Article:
Major League Soccer isn’t coming to Indianapolis anytime soon, according to a report from Sports Illustrated soccer writer Grant Wahl.
Sacramento, Cincinnati and Nashville are finalists to land expansion clubs, Wahl said in his blog Monday. Two of those three cities will be chosen Dec. 14 at the MLS owners meeting in New York City.
The Indy Eleven are one of 12 minor-league soccer franchises bidding for one of four expansion openings in Major League Soccer.
The franchises picked next month will join the league in 2020. The other two are expected to join the league by 2022.
MLS now has 22 teams. Los Angeles is set to join the league next season and a David Beckham-led group is expected to be awarded a Miami franchise in the next few months. Those two teams are in addition to the four expansion teams.
The Indy Eleven have played in the North American Soccer League since the team’s inception in 2014. The Eleven topped the eight-team NASL in attendance this season.
Sacramento and Cincinnati play in the 30-team United Soccer League, the nation’s other—and more robust—Division II minor league. Nashville is scheduled to join the USL next season.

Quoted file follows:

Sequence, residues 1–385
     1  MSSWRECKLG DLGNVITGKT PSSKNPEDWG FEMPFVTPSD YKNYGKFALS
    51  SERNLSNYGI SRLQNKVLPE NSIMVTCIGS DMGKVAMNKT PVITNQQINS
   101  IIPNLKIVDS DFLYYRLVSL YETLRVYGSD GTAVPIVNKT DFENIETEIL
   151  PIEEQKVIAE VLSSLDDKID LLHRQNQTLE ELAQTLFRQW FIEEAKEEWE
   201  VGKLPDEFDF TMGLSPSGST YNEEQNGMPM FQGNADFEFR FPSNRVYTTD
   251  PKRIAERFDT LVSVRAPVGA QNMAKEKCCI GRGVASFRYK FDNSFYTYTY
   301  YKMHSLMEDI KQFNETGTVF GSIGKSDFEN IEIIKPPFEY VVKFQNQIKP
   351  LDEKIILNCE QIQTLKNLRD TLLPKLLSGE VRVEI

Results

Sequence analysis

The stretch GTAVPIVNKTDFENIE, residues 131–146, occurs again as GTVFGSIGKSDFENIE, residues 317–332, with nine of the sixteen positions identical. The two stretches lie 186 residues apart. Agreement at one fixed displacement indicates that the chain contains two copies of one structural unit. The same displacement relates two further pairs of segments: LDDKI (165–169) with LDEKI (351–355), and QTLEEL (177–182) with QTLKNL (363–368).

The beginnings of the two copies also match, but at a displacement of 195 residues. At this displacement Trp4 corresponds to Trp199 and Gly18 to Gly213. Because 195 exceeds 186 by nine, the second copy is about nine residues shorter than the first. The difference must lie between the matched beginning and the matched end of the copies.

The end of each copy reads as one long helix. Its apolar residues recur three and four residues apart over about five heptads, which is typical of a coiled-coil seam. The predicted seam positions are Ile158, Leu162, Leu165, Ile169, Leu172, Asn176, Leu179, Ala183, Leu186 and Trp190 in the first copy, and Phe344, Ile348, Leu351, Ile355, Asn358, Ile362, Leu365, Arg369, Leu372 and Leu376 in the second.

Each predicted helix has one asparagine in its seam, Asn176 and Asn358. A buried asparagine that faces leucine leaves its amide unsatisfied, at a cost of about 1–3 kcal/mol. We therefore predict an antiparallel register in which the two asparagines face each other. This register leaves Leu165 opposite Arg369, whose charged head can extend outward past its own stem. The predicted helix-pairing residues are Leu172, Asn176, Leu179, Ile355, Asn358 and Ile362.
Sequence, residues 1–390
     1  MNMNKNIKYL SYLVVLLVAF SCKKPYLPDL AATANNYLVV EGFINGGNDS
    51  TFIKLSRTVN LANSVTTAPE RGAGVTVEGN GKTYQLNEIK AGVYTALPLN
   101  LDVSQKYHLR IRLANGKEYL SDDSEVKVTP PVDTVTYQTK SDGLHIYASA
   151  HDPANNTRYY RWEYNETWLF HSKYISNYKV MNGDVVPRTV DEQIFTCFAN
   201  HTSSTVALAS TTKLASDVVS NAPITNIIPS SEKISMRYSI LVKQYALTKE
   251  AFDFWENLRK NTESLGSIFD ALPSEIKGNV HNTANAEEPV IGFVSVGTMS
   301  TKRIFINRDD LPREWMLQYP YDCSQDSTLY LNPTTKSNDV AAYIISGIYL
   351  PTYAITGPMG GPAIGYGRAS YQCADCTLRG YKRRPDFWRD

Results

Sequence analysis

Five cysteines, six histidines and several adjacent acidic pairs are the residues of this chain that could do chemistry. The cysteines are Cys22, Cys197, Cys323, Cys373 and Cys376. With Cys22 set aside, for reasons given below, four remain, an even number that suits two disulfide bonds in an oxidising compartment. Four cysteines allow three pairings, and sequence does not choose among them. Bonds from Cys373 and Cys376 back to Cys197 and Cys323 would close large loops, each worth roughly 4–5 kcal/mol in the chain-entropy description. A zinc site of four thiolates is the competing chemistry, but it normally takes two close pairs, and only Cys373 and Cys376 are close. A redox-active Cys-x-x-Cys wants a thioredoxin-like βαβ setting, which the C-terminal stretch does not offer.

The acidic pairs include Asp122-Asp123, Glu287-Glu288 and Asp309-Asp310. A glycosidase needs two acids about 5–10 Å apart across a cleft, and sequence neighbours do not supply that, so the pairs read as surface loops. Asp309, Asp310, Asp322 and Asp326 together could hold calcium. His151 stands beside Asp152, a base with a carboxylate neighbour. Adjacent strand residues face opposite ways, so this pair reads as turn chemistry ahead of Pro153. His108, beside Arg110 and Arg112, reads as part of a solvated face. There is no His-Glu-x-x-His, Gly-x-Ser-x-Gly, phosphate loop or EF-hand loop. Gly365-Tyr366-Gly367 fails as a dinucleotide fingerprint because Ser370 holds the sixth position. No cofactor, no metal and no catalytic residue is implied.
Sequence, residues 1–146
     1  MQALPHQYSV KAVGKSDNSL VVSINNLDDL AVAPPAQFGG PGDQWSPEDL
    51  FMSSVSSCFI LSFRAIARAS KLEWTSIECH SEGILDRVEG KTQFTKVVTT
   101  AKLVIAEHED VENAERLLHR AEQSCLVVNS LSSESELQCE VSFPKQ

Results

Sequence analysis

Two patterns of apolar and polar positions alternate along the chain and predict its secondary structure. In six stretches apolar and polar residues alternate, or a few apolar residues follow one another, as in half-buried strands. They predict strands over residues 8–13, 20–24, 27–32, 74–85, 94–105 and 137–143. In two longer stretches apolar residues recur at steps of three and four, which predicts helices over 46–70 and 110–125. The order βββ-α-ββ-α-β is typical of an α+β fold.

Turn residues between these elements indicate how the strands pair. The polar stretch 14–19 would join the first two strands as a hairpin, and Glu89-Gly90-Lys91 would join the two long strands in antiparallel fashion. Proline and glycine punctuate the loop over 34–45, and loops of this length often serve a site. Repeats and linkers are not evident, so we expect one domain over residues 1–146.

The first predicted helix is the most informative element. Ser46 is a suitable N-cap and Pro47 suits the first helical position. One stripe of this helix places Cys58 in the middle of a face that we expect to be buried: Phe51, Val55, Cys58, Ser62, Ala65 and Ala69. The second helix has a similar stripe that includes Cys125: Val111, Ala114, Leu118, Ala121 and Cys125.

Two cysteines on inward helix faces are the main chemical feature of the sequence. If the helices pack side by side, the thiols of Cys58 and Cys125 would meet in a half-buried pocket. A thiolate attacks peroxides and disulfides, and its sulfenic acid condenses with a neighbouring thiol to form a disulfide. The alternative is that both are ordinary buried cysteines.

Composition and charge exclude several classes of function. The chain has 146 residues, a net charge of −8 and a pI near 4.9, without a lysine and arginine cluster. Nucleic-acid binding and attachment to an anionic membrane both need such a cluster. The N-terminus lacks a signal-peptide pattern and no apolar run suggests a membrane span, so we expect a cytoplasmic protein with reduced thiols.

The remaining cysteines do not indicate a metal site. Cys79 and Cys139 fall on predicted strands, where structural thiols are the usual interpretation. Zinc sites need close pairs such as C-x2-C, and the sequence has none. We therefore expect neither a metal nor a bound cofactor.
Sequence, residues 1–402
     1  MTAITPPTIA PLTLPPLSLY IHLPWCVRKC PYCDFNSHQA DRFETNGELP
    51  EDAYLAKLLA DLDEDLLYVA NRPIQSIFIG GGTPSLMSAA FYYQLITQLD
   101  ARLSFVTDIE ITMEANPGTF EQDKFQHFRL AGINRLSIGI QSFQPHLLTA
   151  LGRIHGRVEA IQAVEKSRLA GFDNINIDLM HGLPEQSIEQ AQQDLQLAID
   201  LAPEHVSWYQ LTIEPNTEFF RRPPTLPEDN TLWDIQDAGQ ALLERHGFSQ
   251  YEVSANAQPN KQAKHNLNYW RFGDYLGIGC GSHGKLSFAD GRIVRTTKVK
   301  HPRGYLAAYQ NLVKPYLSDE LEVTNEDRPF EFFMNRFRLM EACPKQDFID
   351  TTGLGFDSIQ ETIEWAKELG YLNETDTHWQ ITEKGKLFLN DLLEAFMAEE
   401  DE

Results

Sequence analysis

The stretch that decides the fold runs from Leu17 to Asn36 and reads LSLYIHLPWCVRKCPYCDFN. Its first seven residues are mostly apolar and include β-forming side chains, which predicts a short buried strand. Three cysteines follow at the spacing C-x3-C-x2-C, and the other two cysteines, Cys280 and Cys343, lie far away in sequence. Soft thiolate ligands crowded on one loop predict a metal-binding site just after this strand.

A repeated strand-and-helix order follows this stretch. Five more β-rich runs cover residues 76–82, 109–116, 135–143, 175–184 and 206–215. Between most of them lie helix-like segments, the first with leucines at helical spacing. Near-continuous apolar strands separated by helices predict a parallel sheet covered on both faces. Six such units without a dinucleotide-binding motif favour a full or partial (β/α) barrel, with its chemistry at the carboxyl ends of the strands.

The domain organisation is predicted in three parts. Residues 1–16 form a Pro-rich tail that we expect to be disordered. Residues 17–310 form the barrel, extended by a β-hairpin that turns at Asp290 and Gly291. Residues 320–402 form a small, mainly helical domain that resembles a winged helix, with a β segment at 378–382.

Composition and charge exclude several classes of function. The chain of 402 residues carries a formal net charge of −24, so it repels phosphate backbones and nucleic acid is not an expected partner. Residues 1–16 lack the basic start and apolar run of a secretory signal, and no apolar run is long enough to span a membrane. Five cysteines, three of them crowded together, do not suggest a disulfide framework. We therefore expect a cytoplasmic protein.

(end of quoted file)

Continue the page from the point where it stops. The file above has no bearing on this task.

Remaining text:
Cincinnati and Sacramento were among only three teams in the minor leagues that had higher attendance than the Eleven in 2017. FC Cincinnati averaged 21,696 in home attendance. Sacramento Republic FC averaged 11,569 and the Indy Eleven averaged 8,397.
“From talking to several insiders, I'm being told the two expansion teams will likely come from a group of three cities that includes Sacramento, Nashville and Cincinnati,” Wahl wrote. “Those are three soccer-crazy regions where clubs would probably do pretty well. Especially Cincy, home of FC Cincinnati of the USL. The club consistently sells out Nippert Stadium and even earned the praise of former Crystal Palace manager Alan Pardew.”
Crystal Palace Football Club is a professional football club based in London that plays in the Premier League, the top tier of English soccer.
The Eleven have been considered a long shot to join MLS because the franchise has no firm plans for a new stadium in place. The team has identified land southwest of Lucas Oil Stadium for a new 20,000-seat stadium but hasn’t been able to get state lawmakers to approve a funding measure.
The team said it has a plan to raise $320 million needed to cover the expected $150 million MLS franchise fee, a new 20,000-seat downtown stadium and start-up costs for the team.